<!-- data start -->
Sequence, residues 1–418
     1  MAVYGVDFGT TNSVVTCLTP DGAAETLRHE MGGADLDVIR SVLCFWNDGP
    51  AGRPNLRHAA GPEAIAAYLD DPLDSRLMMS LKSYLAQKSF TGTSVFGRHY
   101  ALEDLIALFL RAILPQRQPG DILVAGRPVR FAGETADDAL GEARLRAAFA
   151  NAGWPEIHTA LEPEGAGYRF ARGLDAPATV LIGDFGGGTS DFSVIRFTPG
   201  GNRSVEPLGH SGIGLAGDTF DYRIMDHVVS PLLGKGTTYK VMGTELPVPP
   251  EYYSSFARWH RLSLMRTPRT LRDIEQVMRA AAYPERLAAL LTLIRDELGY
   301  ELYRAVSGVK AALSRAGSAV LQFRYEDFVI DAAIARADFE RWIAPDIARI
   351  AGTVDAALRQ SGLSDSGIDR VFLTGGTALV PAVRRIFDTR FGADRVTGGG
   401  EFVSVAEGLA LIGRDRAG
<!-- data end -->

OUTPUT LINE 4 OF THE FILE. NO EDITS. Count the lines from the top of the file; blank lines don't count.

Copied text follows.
   101  ALEDLIALFL RAILPQRQPG DILVAGRPVR FAGETADDAL GEARLRAAFA